At the signal end of everything was James’ own Mac-based Pro Tools DAW. Preamps amounted to a combination of 80 Series Heritage Audio 1073s, some classic APIs, Rupert Neve and Midas pres. For most of the project (some sparse overdubs were done later) each song was kept under 16 channels. Many of them required a lot less with James aiming for limited microphone placements to avoid spill, and only pursuing natural tones.

This was in keeping with the band’s intention, as always, to record the majority of the tunes live. The Waifs are well-known for their intimate, folk music style, a sound they’ve often created by gathering in a single room and playing together, including tracking final vocals — but that’s easy for them to want, right?

James Newhouse’s Reel2Real Studios control room in WA before he packed it up and shipped most of it across the Nullarbor.


While the band workshopped songs, James spent the first week examining the house’s various spaces, unpacking his gear and experimenting with different setups. While the house’s large, open-plan design offered plenty of room, and the 10m-high ceilings provided an almost church-like ambience, the best recording space happened to be what will one day be the kitchen, albeit with some interesting reverb issues. Heavy theatre drapes were hung from a balcony, and some second-hand office partitions were strategically placed around the room. Spill was always going to be a problem whenever the full band was in swing, so James shuffled The Waifs’ members about and pointed them in different directions, and microphones were tweaked and swapped until the best possible result was found. Building beds in isolation wasn’t even considered. The magic of The Waifs is very much about the band interacting with each other.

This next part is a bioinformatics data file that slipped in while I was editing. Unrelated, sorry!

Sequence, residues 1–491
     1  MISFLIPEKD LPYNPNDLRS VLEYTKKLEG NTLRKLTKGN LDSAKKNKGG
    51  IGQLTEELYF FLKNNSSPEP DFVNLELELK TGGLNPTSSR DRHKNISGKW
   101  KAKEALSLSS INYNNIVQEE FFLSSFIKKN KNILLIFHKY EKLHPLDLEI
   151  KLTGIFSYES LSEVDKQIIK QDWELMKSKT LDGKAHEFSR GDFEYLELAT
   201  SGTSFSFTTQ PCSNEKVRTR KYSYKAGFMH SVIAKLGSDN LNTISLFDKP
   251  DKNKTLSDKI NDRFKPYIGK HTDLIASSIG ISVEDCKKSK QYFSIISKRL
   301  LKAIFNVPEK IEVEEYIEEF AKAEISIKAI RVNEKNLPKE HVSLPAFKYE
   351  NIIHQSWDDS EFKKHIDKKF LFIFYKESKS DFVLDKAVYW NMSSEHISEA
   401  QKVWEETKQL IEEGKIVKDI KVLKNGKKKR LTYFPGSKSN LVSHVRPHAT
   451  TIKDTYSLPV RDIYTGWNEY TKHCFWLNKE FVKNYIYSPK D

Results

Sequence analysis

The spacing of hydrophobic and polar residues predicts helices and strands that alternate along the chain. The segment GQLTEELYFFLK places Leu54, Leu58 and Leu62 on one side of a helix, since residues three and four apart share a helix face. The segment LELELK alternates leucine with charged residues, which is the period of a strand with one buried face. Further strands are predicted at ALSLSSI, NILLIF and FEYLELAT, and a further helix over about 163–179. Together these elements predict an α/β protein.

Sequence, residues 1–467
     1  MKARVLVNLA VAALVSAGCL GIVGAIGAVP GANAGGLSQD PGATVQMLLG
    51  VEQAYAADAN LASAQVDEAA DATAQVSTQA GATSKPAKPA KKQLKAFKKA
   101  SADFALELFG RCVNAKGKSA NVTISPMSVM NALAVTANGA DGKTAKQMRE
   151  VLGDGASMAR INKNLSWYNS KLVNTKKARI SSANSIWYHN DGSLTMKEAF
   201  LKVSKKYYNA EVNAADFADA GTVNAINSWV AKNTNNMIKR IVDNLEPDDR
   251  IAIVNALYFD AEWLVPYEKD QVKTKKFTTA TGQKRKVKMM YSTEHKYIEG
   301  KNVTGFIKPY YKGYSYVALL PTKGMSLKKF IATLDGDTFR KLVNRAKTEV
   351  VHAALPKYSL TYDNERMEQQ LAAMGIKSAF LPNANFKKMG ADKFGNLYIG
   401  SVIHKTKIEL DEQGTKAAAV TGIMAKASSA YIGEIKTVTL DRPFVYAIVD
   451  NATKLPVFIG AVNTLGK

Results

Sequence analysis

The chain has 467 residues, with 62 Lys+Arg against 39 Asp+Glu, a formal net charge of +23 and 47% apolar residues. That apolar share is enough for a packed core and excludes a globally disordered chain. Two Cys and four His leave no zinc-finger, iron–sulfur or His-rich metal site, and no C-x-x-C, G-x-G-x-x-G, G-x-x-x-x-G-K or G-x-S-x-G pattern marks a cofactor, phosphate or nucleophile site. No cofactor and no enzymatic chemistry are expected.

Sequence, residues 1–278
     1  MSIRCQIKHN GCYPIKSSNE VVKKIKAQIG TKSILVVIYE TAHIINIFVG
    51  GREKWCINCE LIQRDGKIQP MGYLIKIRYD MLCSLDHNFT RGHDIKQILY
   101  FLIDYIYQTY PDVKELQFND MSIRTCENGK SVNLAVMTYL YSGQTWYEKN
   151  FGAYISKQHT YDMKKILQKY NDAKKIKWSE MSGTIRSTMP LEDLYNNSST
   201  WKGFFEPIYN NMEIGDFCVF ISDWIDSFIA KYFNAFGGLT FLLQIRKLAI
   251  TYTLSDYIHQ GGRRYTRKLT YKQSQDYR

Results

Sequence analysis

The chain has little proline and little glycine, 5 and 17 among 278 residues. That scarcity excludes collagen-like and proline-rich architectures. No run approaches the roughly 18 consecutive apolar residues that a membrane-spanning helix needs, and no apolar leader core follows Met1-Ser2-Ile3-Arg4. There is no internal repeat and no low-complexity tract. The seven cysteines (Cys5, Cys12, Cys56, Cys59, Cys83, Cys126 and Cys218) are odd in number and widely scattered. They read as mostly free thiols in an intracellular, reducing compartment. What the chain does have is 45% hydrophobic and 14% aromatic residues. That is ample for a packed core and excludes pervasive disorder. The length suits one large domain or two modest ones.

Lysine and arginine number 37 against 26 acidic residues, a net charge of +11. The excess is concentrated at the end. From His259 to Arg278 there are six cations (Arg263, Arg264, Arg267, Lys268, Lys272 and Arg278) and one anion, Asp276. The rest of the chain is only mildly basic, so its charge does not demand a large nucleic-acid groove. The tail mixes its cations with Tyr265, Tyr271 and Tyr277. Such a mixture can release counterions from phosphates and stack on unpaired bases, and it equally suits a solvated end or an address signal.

While the days started at 10am and went late into the night, most of the songs were actually recorded on the third or fourth take. A lot of time was devoted to meeting the challenge each session presented when tracking different combinations of acoustic instruments.

The worst-case scenarios (for want of a better term) were songs with the full band; drums, double bass, two acoustic guitars, and three vocals. Makeshift baffles were placed around David MacDonald and Ben Franz, and thankfully neither was averse to any kinds of drastic measures to reduce spill. David even agreed to the ol’ “tea-towel on the cymbals” trick to keep noise levels down. Microphone choice, polarity patterns and placement became critical. Sometimes getting the rejection side of an instrument microphone pointing in the right direction was more important than the live side.


The Waif’s three distinctive vocals creates their unique blend of harmonies. The right microphone selection was essential and fortunately James packed a ‘passable’ box of goodies. Joshua used a Bock 251, Donna a vintage Neumann U67, and Vikki sang into a Pearlman TM1. Calrec pencil microphones turned out to be the workhorse around the snare, tom drums and guitars, with a ribbon mic placed at a distance from the kick drum — which in many songs was an old suitcase. Calrec overheads on the drum kit came into greater use when David took on more of a percussionist role, playing with his hands, using shakers, and the like. The double bass had an EV 635 wedged in a piece of foam and jammed under the bridge so Ben could move around, and an Oktava pencil condenser lurking nearby to catch some right-hand finger-click.

What’s missing here is any form of DI box or wired pickup. Every channel was serviced by a microphone. One of the reasons for that, apart from the vital Waifs live vibe that James was determined to translate into the recordings, is that Joshua makes his own acoustic guitars and they have a wonderful sound that only a microphone will reproduce.

Towards the end of the recording sessions the band moved upstairs to an even more live room and tracked some of their stripped-back, acoustic songs with only a mid/side microphone configuration, using the vintage U67 (mid) in tandem with the Bock 251 (sides). Everyone gathered around, including the double-bass and some percussion and balanced themselves through the microphones.